• The software in software memory may include an ordered listing of executable instructions for implementing logical functions (that is, “logic” that may be implemented either in digital form such as digital circuitry or source code or in analog form such as analog circuitry or an analog source such an analog electrical, sound or video signal), and may selectively be embodied in any computer-readable medium for use by or in connection with an instruction execution system, apparatus, or device, such as a computer-based system, processor-containing system, or other system that may selectively fetch the instructions from the instruction execution system, apparatus, or device and execute the instructions. In the context of this disclosure, a “computer-readable medium” is any tangible means that may contain or store the program for use by or in connection with the instruction execution system, apparatus, or device. The tangible computer readable medium may selectively be, for example, but is not limited to, an electronic, magnetic, optical, electromagnetic, infrared, or semiconductor system, apparatus or device. More specific examples, but nonetheless a non-exhaustive list, of tangible computer-readable media would include the following: a portable computer diskette (magnetic), a read only memory (RAM) (electronic), a read-only memory (ROM) (electronic), an erasable programmable read-only memory (EPROM or Flash memory) (electronic) and a portable compact disc read-only memory (CDROM) (optical). Note that the computer-readable medium may even be paper (punch cards or punch tape) or another suitable medium upon which the instructions may be electronically captured, then compiled, interpreted or otherwise processed in a suitable manner if necessary, and stored in a computer memory.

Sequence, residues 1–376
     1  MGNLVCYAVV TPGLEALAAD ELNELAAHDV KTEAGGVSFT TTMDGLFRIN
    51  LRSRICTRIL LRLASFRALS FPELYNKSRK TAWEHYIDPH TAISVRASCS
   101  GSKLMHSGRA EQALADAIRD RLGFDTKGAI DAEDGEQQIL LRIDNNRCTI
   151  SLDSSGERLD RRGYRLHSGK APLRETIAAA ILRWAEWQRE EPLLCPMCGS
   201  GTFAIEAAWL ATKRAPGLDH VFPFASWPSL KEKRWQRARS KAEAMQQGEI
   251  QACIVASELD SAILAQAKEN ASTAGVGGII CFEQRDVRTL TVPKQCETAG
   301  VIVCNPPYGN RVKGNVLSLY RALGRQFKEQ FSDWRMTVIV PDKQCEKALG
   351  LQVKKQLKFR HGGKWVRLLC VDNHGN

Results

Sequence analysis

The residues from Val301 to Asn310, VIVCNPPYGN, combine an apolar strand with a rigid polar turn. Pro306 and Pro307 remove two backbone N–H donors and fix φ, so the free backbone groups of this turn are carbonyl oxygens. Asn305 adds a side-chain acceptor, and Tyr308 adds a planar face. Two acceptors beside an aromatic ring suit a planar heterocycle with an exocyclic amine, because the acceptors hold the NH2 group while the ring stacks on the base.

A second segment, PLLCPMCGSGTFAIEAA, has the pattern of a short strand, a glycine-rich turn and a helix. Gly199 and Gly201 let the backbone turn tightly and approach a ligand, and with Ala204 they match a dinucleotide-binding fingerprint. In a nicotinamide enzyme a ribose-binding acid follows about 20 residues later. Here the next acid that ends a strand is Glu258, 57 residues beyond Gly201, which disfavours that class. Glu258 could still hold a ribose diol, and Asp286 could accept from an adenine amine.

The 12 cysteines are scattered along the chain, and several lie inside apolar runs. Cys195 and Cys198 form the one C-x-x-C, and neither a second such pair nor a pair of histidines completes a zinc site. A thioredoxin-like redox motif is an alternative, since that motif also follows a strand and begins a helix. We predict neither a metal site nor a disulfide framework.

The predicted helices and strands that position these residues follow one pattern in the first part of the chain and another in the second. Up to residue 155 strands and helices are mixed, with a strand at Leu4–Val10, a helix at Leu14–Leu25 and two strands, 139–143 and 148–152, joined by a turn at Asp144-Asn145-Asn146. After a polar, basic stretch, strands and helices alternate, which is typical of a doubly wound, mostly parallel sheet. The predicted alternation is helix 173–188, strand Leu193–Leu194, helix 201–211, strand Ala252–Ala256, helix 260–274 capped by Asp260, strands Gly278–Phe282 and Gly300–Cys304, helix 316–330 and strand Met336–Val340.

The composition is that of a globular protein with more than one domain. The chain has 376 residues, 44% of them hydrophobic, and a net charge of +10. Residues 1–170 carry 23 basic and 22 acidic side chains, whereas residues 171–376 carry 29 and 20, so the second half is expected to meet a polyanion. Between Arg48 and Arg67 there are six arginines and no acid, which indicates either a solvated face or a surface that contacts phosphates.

• The foregoing detailed description of one or more embodiments of the approach for configurable macro button for voice system activation by an alarm system operator has been presented herein by way of example only and not limitation. It will be recognized that there are advantages to certain individual features and functions described herein that may be obtained without incorporating other features and functions described herein. Moreover, it will be recognized that various alternatives, modifications, variations, or improvements of the above-disclosed embodiments and other features and functions, or alternatives thereof, may be desirably combined into many other different embodiments, systems or applications. Presently unforeseen or unanticipated alternatives, modifications, variations, or improvements therein may be subsequently made by those skilled in the art which are also intended to be encompassed by the appended claims, Therefore, the spirit and scope of any appended claims should not be limited to the description of the embodiments contained herein.